How technology unlocks business models: The story of Netflix
Hardware Startups

How technology unlocks business models: The story of Netflix

“Usually the best way to figure out if your crazy idea is any good is simply to try it. So that’s what we did,” Marc Randolph, Netflix’s co-founder and original CEO,

That crazy idea was to send a CD through the mail to learn whether the concept of a mail-order DVD subscription service was practical. The CD, sent by USPS in a greeting card envelope, arrived safely the next day. The proof of operating concept for Netflix was confirmed.

This week, 16 years after its reinvention as a streaming company, Netflix announced that it’s shuttering its mail-order DVDs business. But how did it go from sending that one CD to becoming the juggernaut that it is today? Let’s take a look.

“All I knew was that I wanted to start my own company and sell things on the internet. That was it,” Randolph wrote on Twitter.

Reed Hastings met Marc Randolph when they ended up working together at Pure Software after an acquisition. That resulted in them sharing an office and a car ride to and from work each day. Ready for a new challenge, Hastings and Randolph began to bounce ideas for new companies off of each other.

DVDs had barely been invented yet. In fact, when the Netflix founders went looking for one to try shipping it in the mail, they couldn’t find anywhere to buy one.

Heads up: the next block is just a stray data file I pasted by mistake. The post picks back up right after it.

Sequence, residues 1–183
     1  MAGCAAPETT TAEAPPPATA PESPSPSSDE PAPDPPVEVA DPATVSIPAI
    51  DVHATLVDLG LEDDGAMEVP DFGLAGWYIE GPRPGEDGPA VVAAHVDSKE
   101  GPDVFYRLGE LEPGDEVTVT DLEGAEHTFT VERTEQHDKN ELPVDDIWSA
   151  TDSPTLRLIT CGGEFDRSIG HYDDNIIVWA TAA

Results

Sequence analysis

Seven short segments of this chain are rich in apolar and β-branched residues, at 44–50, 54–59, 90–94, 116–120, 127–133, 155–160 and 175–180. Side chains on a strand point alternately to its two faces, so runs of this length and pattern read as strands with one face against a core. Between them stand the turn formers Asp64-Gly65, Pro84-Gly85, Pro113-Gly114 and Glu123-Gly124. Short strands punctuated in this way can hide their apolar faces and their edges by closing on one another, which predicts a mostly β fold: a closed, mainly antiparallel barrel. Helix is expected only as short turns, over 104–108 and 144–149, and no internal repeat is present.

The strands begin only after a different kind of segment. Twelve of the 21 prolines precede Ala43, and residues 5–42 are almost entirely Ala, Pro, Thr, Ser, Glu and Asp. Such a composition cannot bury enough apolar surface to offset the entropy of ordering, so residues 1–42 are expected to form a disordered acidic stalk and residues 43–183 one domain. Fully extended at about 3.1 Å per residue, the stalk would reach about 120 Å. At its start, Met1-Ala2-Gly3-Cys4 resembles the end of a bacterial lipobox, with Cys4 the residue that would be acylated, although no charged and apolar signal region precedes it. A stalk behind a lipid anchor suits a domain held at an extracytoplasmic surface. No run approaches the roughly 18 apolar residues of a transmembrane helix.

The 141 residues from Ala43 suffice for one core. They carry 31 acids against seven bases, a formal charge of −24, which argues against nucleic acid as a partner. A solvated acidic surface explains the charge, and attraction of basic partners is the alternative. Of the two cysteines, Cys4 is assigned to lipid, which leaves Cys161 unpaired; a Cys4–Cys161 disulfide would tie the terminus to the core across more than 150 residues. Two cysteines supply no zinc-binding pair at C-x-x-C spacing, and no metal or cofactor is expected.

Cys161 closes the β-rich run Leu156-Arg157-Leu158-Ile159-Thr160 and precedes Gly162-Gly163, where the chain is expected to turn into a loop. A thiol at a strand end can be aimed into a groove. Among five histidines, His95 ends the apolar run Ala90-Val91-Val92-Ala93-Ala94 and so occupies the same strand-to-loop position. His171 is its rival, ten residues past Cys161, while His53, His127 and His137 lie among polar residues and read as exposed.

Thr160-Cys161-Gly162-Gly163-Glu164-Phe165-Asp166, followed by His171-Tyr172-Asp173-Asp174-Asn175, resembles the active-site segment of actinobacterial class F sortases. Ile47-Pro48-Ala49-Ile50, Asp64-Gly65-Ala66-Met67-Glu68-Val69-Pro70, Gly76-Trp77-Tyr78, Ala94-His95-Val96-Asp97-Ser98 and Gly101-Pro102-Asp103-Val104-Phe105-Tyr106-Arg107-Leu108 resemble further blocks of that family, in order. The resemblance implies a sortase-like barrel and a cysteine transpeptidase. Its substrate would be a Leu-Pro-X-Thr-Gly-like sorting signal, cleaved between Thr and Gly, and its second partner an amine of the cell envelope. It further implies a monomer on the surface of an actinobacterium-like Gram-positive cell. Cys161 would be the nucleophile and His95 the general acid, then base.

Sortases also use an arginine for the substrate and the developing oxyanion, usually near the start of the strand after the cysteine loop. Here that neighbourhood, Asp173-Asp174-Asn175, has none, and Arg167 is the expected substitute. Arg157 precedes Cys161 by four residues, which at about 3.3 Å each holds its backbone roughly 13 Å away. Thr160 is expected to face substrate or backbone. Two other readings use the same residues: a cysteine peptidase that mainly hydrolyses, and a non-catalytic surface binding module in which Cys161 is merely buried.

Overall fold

The ideas were many and varied and included personalized shampoo (!), personalized dog food (!!) and selling vitamins online. All of these products now exist, but at the time the duo dismissed them as not being feasible.

Another idea that wasn’t feasible was taking on Blockbuster by shipping VHS tapes, which were too big and bulky to be shipped via regular mail, and FedEx was going to eat into the profit margins something awful. Then something happened: Digital versatile discs, or DVDs, came along. They were much smaller and thinner than their VHS counterparts, and this technology innovation unlocked a new form of video rentals. Incidentally, once the internet became fast and ubiquitous enough, streaming would become possible, too, giving birth to the Netflix we know today, but I’m getting slightly ahead of myself.

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